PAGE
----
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Building high-reliability power systems

Posted: 10 Sep 2014 ?? ?Print Version ?Bookmark and Share

Keywords:redundancy? thermal management? Power regulator? Input current limiting? LT3667?

In an ideal world, a high reliability system must be designed to avoid single point failures and provide a means of isolating faults in such a way that operation may continue perhaps at a reduced performance level. It should also be able to contain faults to avoid propagation to downstream or upstream electronics.

Built-in redundancy, either in the form of parallel circuits that share the load actively or that wait in a standby until a failure occurs, is one solution. In each case, fault detection and management requires additional overhead circuitry contributing to the overall complexity and cost. Some systems also create dissimilar parallel circuits to add diversity and avoid the risk of a common failure mechanism; this is the case for some aircraft flight control systems.

High complexity systems increase power supply performance requirements and high conversion efficiency and good thermal management are critical as for every 10C rise in junction temperature the IC lifetime is approximately halved. As we shall see, new feature rich power supply ICs and dedicated power management functions now provide increased protection to the IC itself and the surrounding system.

Power regulator safety features
Output Current Limiting: This is not a new feature but its implementation has become more accurate and sophisticated and additional flexibility is provided as user programmable features are added. As an example, the LT3667 shown in figure 1 is a 40V 400mA step-down switching regulator with dual fault protected low dropout linear regulators. Internal protection circuitry includes reverse battery protection, current limiting, thermal limiting and reverse current protection. The switching regulator part of the IC contains both a switch current limit and catch diode current limit such that the output current is controlled during fault conditions such as a shorted output. The dual linear regulators also have individual user programmable current limits, which in the example application in figure 1 have been set to 100mA by R7 and R8.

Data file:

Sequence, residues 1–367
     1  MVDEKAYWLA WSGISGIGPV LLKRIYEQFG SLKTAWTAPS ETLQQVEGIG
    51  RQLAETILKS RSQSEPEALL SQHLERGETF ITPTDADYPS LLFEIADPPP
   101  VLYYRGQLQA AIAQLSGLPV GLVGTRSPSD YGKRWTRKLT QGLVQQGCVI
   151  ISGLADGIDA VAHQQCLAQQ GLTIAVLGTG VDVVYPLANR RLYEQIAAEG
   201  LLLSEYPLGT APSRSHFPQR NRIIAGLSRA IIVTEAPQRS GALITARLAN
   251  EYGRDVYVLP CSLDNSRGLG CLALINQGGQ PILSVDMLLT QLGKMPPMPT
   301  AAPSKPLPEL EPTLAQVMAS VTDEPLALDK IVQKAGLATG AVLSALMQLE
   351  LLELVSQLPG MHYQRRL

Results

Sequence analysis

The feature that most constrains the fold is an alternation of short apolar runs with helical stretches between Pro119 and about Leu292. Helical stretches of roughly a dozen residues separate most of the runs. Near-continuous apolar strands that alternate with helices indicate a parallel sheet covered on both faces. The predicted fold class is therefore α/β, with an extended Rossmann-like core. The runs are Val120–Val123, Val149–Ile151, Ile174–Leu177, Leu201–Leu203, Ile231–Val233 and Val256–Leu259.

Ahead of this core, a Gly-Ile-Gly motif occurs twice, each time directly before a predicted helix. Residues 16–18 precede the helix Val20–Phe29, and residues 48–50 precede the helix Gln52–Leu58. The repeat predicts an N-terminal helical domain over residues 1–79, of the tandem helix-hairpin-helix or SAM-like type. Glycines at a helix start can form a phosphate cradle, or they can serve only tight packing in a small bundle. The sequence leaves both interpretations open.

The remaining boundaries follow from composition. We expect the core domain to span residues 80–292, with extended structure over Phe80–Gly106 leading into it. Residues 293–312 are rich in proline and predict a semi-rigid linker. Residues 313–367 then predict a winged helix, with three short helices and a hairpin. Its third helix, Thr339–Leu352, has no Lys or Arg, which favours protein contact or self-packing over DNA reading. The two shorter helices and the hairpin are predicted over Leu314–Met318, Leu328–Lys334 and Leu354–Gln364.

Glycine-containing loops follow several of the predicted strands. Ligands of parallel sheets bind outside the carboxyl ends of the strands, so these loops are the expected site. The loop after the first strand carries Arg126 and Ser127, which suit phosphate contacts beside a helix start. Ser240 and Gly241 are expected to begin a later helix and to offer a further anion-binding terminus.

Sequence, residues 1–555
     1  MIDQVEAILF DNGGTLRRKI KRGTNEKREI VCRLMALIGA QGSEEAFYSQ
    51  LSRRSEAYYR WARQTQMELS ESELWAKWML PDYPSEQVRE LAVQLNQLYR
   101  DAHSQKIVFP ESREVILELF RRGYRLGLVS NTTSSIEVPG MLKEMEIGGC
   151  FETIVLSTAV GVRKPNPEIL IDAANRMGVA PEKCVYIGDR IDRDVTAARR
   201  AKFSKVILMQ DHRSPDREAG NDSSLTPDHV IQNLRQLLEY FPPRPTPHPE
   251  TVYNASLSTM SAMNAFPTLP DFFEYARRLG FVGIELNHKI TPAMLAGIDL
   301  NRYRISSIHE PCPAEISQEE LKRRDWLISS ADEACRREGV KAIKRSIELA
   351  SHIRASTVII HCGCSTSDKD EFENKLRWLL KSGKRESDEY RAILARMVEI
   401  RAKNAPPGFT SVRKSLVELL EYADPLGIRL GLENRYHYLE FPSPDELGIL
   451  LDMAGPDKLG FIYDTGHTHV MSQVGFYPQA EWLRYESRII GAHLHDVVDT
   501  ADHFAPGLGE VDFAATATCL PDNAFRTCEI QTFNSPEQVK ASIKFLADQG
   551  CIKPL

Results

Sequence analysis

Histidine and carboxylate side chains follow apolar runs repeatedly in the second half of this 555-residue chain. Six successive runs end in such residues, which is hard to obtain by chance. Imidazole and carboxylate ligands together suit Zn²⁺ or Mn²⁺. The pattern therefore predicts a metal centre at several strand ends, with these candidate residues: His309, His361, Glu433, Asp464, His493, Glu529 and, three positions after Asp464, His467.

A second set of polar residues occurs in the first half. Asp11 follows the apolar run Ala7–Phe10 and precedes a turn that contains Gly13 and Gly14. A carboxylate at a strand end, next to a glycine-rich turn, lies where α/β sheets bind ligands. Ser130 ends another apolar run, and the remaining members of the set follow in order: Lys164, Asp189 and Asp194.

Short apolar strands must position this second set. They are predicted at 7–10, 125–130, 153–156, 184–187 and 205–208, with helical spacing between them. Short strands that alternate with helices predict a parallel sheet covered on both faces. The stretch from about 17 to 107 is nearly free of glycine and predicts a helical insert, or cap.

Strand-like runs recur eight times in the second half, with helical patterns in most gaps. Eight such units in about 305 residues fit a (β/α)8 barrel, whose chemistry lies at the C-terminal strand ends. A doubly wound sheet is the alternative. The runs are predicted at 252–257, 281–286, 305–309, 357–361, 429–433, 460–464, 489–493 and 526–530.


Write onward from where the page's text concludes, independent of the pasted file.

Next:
These measures not only protect the device itself, but also the downstream electronics should a fault develop.

Figure 1: LT3667 fault protected, switching and linear regulator.

Input current limiting: This is commonly found in circuits such as those performing energy harvesting from photovoltaic cells where the high impedance source requires that the current be carefully controlled to prevent the source voltage collapsing. In addition to protecting the upstream electronics from overload, it can also be employed as a safety feature as shown in figure 2 for a backup supply where large capacitors must be protected and safely charged. The LTC3128 incorporates a programmable 2% accurate average input current limit. In this application, a 3A input current limit is set and the supercapacitor backup circuit will draw only the spare current that is not consumed by the main load through the buck-boost convertor.

Figure 2: LTC3128-based supercap backup circuit.

Thermal protection: It is implemented in the majority of power regulator ICs with internal power transistors. In the case of the LTC3128 featured above, thermal shutdown is triggered at approximately 165C and the device is disabled until the temperature drops to around 155C. However, the product also contains a thermal regulator to prevent it from going into thermal shutdown when charging very large capacitors at high current. It works by progressively lowering the average current limit when the die temperature exceeds 135C. Other products such as the 8-output buck regulator LT3375 feature a die temperature output and the ability for the user to set one of three die temperature thresholds.

Figure 3: LTC4370 dual redundant power source sharing.

Controlling multiple input sources
Power supply systems that contain a main supply and a redundant backup with perhaps an external auxiliary supply need a system to arbitrate which supply has priority and to monitor their status. Furthermore, it must protect the system from cross-conducting and back-feeding during source switching. Single chip ICs such as the LTC4417, provide one solution automatically selecting the source based on validation of user defined supply thresholds for each input.

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